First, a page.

Film / For a Few Dollars More

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"Where life had no value, death, sometimes, had its price. That is why the bounty killers appeared."
Title Card

For a Few Dollars More (1965) is considered as one of the greatest films of the Spaghetti Western, and a masterpiece of Sergio Leone. It is the second film in the Dollars Trilogy, A Fistful of Dollars being the first and The Good, the Bad and the Ugly being the third. Even That Other Wiki named this film as an Epic Western. And no wonder, in fact, the intro theme, along with The Good, the Bad and the Ugly theme, is the most known and memorable in the Sergio Leone's Western films.

The Man with No Name (nicknamed "Monco" or "Manco", respectively Italian and Spanish slang for "missing one hand", because he does nearly everything with his left hand in order to keep his right hand free to draw and fire) (Clint Eastwood) and Colonel Mortimer (Lee Van Cleef), a skillful Bounty Hunter, are both hunting the famed gang leader El Indio. The Man With No Name is motivated by money; the Colonel, we come to discover, is motivated by revenge. After the two bounty hunters clash, they put aside their differences and team up to capture Indio. As part of their plan, Manco infiltrates Indio's gang by busting one of Indio's friends out of prison. However, the plan does not work out as hoped.

For a Few Dollars More provides examples of the following tropes:

  • Affably Evil: Nino, at least compared with Indio.
  • All Deserts Have Cacti: Averted as the movie was filmed in Spain.
  • Animated Credits Opening: The opening has animated words on a live-action background.
  • Arch-Enemy: El Indio to Colonel Mortimer.
  • Artistic License – History: The film is set during the American Civil War, 1861-65 (as witness the Confederate money in the safe). One of the bandits comments that the safe "weighs three tons and can't be opened with dynamite." Indeed, it cannot - Nobel got his first dynamite patent in 1867.
  • Awesome, but Impractical: Col. Mortimer's Buntline Special. Its longer barrel gives Mortimer an edge in distance, meaning he can wait out of a pistol's normal range and line up shots, but that same long barrel also prevents him from quickdrawing it, a disadvantage in some of the situations he finds himself in. He carries a derringer up his sleeve for such emergencies. It was somewhat practical for those who preferred a pistol grip as opposed to the lever action.
  • Ax-Crazy:
    • El Indio is a full-blow insane man, especially when he smokes (presumably) marijuana.
    • Heavily implied with Wild the Hunchback as well (especially given that he's played by Klaus Kinski).
  • Badass Beard: Monco and Indio both sport these.
  • Badass Mustache: Colonel Mortimer.
  • Bad Boss: El Indio. He sets up his own gang to be wiped out by Mortimer and Monco so that he can keep all the money for himself.
  • Baker Street Regular: The kid Manco pays to keep tabs on Mortimer fits the bill.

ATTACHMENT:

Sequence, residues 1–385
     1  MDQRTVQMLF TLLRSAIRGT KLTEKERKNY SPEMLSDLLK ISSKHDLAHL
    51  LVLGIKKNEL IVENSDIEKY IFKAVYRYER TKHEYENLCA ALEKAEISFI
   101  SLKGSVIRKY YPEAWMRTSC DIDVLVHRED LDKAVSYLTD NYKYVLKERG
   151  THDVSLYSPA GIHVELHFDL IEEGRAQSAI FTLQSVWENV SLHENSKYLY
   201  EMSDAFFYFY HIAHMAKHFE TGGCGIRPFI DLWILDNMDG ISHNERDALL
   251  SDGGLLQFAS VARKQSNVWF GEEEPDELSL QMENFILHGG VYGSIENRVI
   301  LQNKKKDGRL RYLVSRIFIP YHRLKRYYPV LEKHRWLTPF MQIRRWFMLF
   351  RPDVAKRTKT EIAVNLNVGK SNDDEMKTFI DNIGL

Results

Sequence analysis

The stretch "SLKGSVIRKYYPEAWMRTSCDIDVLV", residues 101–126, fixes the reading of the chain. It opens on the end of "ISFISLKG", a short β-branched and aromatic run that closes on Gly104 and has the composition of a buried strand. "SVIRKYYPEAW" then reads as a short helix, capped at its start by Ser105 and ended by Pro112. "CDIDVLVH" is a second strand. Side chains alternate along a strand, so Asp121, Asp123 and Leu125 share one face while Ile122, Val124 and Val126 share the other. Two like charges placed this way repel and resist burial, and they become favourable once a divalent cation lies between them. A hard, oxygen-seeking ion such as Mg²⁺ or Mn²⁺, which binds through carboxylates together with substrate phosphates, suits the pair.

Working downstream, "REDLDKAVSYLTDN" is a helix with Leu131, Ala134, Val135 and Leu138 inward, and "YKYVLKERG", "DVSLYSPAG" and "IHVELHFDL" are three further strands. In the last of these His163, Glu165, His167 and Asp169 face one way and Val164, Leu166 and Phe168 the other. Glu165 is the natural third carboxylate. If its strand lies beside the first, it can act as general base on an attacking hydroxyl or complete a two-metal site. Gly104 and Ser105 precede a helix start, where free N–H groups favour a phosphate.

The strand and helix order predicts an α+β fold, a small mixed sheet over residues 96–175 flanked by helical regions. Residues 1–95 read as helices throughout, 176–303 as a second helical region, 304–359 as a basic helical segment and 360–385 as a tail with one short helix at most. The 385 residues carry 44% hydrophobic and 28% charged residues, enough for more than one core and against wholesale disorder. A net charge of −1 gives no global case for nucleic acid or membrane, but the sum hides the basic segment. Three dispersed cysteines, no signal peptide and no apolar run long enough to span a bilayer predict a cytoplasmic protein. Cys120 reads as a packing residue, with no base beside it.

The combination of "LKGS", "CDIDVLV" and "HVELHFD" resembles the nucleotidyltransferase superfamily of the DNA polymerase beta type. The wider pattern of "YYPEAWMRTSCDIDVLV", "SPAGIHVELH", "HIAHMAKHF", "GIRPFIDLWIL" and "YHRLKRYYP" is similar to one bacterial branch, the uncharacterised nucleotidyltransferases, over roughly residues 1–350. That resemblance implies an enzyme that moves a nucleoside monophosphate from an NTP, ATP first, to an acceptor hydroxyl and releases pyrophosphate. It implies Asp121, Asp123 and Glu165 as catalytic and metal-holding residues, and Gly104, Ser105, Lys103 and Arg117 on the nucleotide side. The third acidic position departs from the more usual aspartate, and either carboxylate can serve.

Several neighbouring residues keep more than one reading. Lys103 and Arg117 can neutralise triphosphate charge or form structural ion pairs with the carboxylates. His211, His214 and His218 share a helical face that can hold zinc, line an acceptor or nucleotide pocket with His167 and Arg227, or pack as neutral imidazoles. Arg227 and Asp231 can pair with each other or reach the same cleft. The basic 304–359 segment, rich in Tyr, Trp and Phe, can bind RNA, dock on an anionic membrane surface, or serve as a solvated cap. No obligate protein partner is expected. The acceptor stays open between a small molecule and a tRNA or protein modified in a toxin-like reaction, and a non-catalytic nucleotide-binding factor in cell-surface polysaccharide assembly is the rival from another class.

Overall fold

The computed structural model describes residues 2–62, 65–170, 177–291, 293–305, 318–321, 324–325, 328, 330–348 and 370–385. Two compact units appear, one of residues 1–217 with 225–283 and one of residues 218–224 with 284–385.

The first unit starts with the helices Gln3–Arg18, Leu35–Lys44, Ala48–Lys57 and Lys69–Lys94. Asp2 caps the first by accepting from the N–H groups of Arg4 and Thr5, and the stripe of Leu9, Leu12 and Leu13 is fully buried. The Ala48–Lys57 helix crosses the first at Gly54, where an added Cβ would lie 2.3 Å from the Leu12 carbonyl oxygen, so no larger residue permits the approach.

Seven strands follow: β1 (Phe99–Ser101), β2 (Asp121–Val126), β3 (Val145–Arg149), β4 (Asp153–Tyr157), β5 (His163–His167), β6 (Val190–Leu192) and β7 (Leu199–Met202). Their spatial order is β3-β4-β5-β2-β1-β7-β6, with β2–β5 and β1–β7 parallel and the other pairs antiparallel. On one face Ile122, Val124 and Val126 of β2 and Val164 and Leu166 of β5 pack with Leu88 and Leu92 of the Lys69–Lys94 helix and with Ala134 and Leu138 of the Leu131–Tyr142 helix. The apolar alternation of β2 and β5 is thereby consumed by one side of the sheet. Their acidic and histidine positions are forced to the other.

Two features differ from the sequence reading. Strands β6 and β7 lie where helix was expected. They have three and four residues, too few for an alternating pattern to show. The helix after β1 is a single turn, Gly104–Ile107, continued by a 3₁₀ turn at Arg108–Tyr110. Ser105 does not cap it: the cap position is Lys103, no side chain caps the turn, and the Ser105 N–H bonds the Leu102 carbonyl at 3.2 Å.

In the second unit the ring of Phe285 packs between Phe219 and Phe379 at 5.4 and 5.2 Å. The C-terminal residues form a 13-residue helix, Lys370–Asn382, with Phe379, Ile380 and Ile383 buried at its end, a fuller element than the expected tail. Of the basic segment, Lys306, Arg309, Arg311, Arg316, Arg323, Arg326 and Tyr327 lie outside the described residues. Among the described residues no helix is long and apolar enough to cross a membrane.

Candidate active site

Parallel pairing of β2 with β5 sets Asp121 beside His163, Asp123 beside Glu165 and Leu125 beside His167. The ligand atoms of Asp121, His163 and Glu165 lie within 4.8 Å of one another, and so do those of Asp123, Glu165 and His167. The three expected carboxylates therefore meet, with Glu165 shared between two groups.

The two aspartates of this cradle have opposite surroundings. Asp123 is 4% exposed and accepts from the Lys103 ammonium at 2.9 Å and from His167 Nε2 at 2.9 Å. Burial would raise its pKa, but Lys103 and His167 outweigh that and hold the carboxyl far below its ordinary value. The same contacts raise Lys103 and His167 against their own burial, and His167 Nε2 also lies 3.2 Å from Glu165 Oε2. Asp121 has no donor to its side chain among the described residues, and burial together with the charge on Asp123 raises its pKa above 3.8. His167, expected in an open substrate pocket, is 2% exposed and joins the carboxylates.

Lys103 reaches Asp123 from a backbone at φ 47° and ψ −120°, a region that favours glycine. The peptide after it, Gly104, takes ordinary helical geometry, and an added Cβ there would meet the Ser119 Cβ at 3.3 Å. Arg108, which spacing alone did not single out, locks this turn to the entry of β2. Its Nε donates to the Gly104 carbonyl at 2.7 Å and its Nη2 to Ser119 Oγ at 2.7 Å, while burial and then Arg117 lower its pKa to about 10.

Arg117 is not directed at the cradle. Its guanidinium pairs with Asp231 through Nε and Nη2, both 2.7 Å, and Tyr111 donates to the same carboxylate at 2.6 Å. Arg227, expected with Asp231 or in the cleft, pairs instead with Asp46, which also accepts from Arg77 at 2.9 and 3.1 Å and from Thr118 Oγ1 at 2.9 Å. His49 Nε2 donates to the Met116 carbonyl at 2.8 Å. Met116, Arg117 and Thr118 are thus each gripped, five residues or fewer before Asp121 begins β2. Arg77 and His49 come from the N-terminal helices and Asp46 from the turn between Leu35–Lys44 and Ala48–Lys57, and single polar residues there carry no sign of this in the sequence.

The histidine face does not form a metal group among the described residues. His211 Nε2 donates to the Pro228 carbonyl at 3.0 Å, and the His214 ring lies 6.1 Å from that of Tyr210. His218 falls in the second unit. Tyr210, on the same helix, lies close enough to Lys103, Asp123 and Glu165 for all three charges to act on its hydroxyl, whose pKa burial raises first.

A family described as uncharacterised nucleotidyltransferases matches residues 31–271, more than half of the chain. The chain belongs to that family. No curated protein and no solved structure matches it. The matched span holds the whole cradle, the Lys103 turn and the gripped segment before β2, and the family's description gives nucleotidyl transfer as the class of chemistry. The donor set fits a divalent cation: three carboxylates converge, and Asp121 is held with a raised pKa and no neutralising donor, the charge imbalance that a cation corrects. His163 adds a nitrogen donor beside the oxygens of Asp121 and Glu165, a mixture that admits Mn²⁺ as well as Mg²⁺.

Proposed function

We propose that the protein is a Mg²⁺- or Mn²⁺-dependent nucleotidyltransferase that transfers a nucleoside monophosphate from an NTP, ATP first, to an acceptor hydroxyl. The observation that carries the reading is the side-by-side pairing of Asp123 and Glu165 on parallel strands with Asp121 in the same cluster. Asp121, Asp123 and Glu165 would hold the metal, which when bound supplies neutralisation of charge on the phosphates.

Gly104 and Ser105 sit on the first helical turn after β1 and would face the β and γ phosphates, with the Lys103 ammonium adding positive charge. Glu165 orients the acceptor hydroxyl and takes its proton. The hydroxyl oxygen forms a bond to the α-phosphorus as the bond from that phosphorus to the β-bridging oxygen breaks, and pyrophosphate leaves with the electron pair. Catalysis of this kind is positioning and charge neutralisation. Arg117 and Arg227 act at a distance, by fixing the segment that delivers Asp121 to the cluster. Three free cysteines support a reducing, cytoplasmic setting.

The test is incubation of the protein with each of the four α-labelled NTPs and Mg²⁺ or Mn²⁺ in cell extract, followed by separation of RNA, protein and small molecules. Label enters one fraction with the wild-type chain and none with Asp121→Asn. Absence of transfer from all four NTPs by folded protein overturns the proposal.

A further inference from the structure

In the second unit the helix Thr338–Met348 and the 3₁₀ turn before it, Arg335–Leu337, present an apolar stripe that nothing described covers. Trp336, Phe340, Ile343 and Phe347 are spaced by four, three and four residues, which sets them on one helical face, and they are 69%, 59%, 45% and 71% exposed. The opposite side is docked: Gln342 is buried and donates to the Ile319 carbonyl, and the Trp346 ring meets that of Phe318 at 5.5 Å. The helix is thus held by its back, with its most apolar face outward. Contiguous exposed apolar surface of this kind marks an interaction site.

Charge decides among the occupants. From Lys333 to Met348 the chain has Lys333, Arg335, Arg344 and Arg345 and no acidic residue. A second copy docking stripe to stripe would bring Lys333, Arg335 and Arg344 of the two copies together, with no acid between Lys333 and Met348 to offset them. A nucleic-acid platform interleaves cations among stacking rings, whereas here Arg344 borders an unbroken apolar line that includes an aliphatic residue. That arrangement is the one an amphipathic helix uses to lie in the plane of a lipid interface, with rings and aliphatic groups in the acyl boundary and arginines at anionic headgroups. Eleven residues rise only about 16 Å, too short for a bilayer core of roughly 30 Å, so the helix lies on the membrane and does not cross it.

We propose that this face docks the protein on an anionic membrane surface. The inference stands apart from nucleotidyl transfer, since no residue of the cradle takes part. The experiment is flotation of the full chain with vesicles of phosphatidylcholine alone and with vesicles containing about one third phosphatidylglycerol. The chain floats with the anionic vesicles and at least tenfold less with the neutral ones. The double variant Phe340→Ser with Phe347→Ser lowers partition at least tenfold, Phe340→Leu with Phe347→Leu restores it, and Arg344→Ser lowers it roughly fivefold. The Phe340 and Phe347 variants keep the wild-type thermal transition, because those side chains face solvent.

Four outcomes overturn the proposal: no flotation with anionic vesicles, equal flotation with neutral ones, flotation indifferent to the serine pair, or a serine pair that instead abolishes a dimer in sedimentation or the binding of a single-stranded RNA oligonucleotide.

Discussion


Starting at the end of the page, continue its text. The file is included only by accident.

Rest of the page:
• Bandito: El Indio takes the trope Up to Eleven. He is a weed-smoking Mexican baddie.
  • Bang, Bang, BANG: At the beginning of the film, every single one of their shots also sounds like a ricochet, even though they only shoot into the air and the ground.
  • Bank Robbery: El Indio's target is the Bank of El Paso and its disguised safe containing "almost a million dollars".
  • Batman Cold Open: The beginning shows Colonel Mortimer and Manco separately tracking and killing wanted criminals and collecting their bounties.
  • Batman Gambit: Mortimer tells Monco to suggest Indio take his gang north, as it would be a good spot for an ambush. When Indio tells Monco that he is planning to go north anyway, Monco warns him about the possibility of an ambush, and advises him to south instead. Since going west would take them right back where they came from, Indio splits the difference and heads east. Naturally, Mortimer is waiting for them at their destination.
  • Best Served Cold: Col. Mortimer has spent years honing his skills as a bounty hunter, tracking down the bandit who murdered Mortimer's brother-in-law and raped Mortimer's sister until she committed suicide.
  • Big Bad: El Indio, who is also The Heavy. He's robbed enough banks and killed enough people that it attracts a large enough bounty to get Manco's attention, while he raped Mortimer's sister and caused her suicide.
  • Big Damn Heroes: As shown above on the page image, Clint Eastwood's Man With No Name character saves Mortimer by intervening in Indio's unfair Mexican standoff by providing a gun for him to use against the villain. With his gun trained on Indio, satisfied that the odds have now been evened out in his friend's favor, he says "Now we start", and sits down.
  • Boisterous Bruiser: You could argue that El Indio is a deconstruction of this trope. He laughs all the time, hugs his friends a lot, is enthusiastic and boisterous and runs a band of plucky outlaws out to rob an impenetrable bank against all the odds — but he's a depraved child-murdering, stalking rapist and his band are all implied to be similarly bad. His happy laughing face gets on his "Wanted!" Poster, but he also has a much more evil, violent side to him which causes him to turn on his own men. Lastly, his good moods seem almost maniacal, and are probably induced with drugs.
  • Black and Gray Morality: Monco's a ruthless Bounty Hunter, Mortimer a revenge-driven stalker, and El Indio a total headcase. Not much white.
  • Bounty Hunter: Both Monco and his friendly rival/partner Mortimer.
  • Breaking Out the Boss: Indio's gang's first scene is them freeing Indio from prison. He leaps right back into action once he is out of his cell.